World Economy

Yen Near Nov. 2014 Highs

Yen Near  Nov. 2014 HighsYen Near  Nov. 2014 Highs

The yen rose on Tuesday to its highest against the dollar since November 2014, as a sell-off in global stocks and worries about Europe's banks stoked demand for safe-haven currencies.

The euro underperformed. Although it has enjoyed a good correlation with safe-haven assets and currencies since last August, it dropped to its lowest in nearly two weeks against the yen and the Swiss franc, another safe haven, Reuters reported.

Europe's banking index fell 1% and yields on southern European government bonds rose, pushing the euro lower against the dollar to $1.12. The euro was also hurt in part by weak German industrial output, which fell unexpectedly in December.

The yen, though, was in the limelight for the second day, gaining around 6% since the start of February against the dollar. The rise has undermined plans by the Bank of Japan, which wants to generate inflation through negative interest rates and a weaker currency.

"The BOJ must be disappointed, given that just two weeks after it announced negative rates, the currency has risen 6% and offsetting the impact of almost all its actions," said Niels Christensen, FX strategist at Nordea. "As long as global stocks remain under pressure, we expect the yen to gain."

The dollar was last at 115.15 yen, down 0.6%, after dropping as low as 114.20 in Asian trade. The euro was down 0.7% at 128.80 yen.

"European funds have been selling dollar-yen since this morning, and it broke through the barrier options around 115," said Kaneo Ogino, director at foreign exchange research firm Global-info Co in Tokyo.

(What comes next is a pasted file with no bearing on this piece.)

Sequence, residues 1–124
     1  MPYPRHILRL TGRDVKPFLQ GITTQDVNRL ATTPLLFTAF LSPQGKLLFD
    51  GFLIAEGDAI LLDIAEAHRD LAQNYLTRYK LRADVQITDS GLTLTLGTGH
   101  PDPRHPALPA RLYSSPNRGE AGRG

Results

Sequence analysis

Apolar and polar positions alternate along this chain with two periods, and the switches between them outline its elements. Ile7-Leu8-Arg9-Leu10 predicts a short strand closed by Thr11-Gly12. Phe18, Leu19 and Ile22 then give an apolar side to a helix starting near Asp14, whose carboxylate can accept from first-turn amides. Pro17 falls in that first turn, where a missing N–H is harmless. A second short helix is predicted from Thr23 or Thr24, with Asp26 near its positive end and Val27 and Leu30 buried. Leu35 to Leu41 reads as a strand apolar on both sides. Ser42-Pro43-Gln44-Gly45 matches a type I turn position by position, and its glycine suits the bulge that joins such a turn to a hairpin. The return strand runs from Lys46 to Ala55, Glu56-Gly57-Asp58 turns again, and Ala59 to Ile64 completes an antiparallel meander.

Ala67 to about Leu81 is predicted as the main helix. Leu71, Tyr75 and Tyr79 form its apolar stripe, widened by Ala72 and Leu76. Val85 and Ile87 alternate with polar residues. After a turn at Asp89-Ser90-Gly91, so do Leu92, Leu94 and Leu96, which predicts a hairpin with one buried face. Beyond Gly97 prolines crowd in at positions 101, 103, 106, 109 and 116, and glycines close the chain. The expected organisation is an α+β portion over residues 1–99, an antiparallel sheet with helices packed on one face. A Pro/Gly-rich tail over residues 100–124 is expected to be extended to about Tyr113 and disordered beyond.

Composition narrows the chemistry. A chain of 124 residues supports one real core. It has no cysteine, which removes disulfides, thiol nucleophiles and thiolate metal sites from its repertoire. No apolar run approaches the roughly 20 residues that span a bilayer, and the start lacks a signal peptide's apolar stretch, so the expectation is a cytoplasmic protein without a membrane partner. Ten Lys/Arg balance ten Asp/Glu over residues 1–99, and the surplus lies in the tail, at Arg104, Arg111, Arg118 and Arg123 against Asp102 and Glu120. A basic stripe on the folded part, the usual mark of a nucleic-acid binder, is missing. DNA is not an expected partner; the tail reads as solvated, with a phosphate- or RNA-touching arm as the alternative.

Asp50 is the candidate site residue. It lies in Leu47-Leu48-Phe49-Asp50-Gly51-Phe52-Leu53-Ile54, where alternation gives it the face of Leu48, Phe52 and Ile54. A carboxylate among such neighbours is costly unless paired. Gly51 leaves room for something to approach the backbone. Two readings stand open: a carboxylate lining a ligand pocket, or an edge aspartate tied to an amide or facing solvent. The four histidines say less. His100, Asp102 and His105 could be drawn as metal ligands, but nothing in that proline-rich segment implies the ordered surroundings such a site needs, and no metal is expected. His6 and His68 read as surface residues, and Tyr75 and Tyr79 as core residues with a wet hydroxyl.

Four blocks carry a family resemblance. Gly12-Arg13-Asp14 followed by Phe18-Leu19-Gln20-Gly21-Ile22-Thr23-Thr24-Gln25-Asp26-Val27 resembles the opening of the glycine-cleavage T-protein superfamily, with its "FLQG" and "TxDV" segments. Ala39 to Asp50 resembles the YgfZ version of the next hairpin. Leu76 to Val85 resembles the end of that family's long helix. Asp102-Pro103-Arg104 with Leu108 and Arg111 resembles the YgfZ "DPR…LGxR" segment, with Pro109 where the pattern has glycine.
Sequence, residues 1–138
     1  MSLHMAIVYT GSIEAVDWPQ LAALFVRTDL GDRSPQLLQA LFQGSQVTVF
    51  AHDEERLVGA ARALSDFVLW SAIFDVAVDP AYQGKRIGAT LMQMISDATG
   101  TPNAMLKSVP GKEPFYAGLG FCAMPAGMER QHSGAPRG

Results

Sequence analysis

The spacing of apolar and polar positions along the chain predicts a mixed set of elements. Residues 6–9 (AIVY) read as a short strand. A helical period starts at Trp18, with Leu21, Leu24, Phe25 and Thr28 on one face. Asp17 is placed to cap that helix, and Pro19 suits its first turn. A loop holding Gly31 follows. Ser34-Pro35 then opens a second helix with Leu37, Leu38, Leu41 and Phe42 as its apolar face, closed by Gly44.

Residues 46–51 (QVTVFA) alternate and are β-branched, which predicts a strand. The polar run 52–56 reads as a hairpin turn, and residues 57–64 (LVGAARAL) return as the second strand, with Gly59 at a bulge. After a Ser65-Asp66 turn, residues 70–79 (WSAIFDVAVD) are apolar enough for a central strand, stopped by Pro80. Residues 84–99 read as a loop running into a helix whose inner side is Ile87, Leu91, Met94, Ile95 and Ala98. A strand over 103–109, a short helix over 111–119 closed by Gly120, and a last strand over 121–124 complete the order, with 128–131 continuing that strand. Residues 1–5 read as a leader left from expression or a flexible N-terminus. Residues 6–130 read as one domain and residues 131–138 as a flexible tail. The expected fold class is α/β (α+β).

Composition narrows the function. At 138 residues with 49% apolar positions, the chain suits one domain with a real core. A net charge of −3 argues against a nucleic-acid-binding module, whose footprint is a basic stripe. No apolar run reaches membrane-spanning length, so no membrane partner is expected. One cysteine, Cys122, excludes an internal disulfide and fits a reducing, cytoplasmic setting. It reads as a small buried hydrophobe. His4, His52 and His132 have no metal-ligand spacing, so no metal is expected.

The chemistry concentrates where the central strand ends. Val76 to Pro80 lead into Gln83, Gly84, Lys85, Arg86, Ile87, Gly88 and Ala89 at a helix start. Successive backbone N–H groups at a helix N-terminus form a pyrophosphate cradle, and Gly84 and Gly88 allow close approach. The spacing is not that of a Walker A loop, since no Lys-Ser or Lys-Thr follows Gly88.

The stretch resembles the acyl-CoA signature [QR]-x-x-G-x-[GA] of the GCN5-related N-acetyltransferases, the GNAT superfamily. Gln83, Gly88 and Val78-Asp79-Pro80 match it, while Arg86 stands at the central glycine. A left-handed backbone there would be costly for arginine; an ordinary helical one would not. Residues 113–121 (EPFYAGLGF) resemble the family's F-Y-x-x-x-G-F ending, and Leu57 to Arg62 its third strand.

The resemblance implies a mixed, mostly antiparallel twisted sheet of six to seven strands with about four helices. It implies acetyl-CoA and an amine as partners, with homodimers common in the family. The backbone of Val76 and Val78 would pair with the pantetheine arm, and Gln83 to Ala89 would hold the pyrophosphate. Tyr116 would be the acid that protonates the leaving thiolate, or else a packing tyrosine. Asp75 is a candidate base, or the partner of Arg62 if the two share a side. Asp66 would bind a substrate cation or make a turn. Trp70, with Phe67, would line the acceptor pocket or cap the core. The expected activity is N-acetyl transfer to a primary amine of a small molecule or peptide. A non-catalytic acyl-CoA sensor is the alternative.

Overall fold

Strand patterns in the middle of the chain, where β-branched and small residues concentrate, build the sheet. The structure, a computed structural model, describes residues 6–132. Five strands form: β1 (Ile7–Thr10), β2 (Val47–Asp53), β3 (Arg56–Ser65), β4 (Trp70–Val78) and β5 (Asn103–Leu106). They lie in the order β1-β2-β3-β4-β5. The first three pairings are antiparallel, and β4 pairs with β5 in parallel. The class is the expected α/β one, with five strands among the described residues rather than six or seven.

The Swiss franc rose to 0.98 against the US currency, its highest since December. It was also 0.3% higher against the euro, trading at 1.10235 francs per euro.

Caught Off-Guard

Yen strength was probably not what the Bank of Japan hoped would occur in the wake of its decision last month to adopt negative interest rates, but it’s happened, FT reported.

The move comes amid a sharp sell-off for bank stocks in Japan and Australia, which have mirrored from heavy falls in the US and Europe overnight.

Before the Bank of Japan caught markets off-guard on December 29 with its decision to adopt negative interest rates, one dollar bought ¥118.82. Following the BoJ’s move, the yen weakened by 2%, but it regained that drop in the subsequent three sessions.

Haruhiko Kuroda said last week there was “no limit” to monetary easing as he vowed to cut Japanese interest rates deeper into negative territory if necessary. That has caused Japanese bond prices, which move inverse to yields, to rise as investors anticipate more asset purchases by the BoJ.

Among major global currencies, the yen is now the best performer against the US dollar, up 4.3% in 2016.